East Africa: Oxfam Says as Many as 28 Million to Face Severe Hunger

Nairobi — Oxfam has warned that as many as 28 million people across East Africa are likely to face severe hunger if the March rains fail.

With the unfolding crisis in Ukraine taking their attention, there is a real danger that the international community will not respond adequately to the escalating hunger crisis in East Africa.

Speaking Tuesday during a press briefing, Oxfam Executive Director, Gabriela Bucher said this is the worst drought experienced in the last 40 years in East Africa.

She said, a massive “no regrets” mobilization of international humanitarian aid is needed now to avert destitution and to help the 21 million people already facing severe levels of hunger in the midst of conflict, flooding, and a massive two-year drought in countries across East Africa.

“East Africa faces a profoundly alarming hunger crisis. Areas of Ethiopia, Kenya, Somalia, South Sudan and beyond are experiencing an unfolding full-scale catastrophe. Even if the rains do arrive this month, full recovery will be near impossible unless urgent action is taken today,” said Bucher.

The repercussions of the Ukrainian conflict on the global food system, Bucher said, will reverberate around the globe, but it is the poorest and most vulnerable people who will be among those hit hardest and fastest.

Bucher noted that rising food prices are a hammer blow to millions of people who are already suffering multiple crises and make the huge shortfall in aid potentially lethal.

Covid-related hikes in global food and commodity prices, she said, were already undermining the options available to heavily indebted African governments to resolve the mass hunger facing their people.

However, Bucher noted that the crisis in Ukraine will have catastrophic new consequences as it already pushes up food and commodity prices beyond what East African governments can afford.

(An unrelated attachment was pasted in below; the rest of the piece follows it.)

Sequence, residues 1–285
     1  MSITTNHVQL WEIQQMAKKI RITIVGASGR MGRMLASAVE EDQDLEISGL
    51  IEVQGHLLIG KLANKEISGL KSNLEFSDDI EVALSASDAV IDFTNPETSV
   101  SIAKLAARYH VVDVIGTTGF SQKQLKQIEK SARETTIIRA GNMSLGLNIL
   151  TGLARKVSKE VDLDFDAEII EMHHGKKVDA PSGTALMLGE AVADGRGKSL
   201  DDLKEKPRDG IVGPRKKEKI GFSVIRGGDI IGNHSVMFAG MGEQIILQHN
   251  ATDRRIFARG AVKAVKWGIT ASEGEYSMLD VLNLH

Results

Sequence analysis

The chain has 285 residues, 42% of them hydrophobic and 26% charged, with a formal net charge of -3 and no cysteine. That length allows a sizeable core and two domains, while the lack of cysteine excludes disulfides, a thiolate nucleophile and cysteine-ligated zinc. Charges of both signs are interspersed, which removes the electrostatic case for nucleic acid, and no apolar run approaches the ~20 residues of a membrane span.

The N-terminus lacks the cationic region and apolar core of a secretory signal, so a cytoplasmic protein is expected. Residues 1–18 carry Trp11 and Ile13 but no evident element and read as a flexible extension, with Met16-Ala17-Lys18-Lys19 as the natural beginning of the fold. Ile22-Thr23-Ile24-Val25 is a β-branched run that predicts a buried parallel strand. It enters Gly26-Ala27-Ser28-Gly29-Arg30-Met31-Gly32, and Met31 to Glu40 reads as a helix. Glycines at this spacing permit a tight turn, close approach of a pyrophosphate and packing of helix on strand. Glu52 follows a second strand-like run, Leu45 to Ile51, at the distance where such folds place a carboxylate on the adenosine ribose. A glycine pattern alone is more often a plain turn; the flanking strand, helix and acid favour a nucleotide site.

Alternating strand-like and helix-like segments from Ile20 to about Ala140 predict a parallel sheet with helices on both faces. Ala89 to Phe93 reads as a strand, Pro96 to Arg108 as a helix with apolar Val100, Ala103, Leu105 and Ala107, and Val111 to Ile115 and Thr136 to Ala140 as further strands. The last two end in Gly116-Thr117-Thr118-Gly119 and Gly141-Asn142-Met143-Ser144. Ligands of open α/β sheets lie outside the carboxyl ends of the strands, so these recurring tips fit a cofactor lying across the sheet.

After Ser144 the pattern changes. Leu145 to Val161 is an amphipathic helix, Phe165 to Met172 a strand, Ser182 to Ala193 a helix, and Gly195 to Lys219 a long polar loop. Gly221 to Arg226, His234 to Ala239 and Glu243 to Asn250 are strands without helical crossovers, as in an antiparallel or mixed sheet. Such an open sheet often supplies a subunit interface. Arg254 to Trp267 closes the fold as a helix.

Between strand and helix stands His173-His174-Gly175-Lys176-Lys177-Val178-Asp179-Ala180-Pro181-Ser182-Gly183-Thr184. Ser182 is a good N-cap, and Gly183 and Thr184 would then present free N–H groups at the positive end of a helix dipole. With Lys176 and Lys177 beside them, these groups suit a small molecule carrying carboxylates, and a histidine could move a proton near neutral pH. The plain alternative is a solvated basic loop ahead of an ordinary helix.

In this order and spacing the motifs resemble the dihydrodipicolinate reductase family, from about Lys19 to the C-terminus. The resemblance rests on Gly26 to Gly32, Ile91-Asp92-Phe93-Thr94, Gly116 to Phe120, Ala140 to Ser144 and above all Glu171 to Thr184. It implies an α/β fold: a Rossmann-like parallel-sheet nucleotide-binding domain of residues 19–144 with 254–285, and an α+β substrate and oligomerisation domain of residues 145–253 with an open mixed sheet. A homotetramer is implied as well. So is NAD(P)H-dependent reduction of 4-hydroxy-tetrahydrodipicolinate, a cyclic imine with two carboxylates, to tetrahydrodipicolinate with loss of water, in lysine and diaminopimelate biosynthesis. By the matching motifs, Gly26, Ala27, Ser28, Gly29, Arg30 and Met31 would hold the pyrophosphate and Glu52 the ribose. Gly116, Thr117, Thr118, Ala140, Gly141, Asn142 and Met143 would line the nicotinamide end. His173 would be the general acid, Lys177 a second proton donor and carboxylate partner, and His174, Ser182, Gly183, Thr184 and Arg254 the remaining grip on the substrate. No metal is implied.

The Executive Director said countries in East Africa import up to 90% of their wheat from Ukraine and Russia and that as disruptions begin to affect the global trade in grains, oil, transport and fertilizer, food prices are beginning to skyrocket.

In 2010-11, similar spikes in food prices pushed 44 million more people worldwide into extreme poverty, and indications are that the food-price inflation happening now will be even worse.

“The world cannot again talk itself into inertia as people are pushed into extreme food insecurity. To not act now would be immoral and a dereliction of the humanitarian imperative,” said Bucher.

“East Africa cannot wait. The hunger crisis, fueled by changes in our climate and Covid-19, is worsening by the day. Oxfam is calling on all donors to urgently fill the UN humanitarian appeal funding gap, and to get funds as quickly as possible to local humanitarian organisations. The governments and warring parties in conflict zones need to ensure humanitarian agencies like Oxfam can safely reach the most vulnerable people,” said Bucher.

Bucher called upon the governments especially from grain exporting countries to do all they can to find suitable alternatives to the imminent disruption in the supply chain from Ukraine towards low-income, food-import dependent countries.

In her remarks, Founder and Executive Director Samburu Women Trust Jane Meriwas, said the hunger crisis is becoming even worse thus affecting women, children and the elderly even more.

“If the situation continues like this, children are going to stop going to school with young girls getting married and livestock’s dying,” said Meriwas.

In Kenya, Oxfam is currently supporting 40,000 people and planning to expand the support to approximately 240,000 people with cash transfers for food and other essential items and water, sanitation and hygiene activities such as repairing water points and boreholes to provide access to clean, safe water and hygiene promotion campaigns. – Kna

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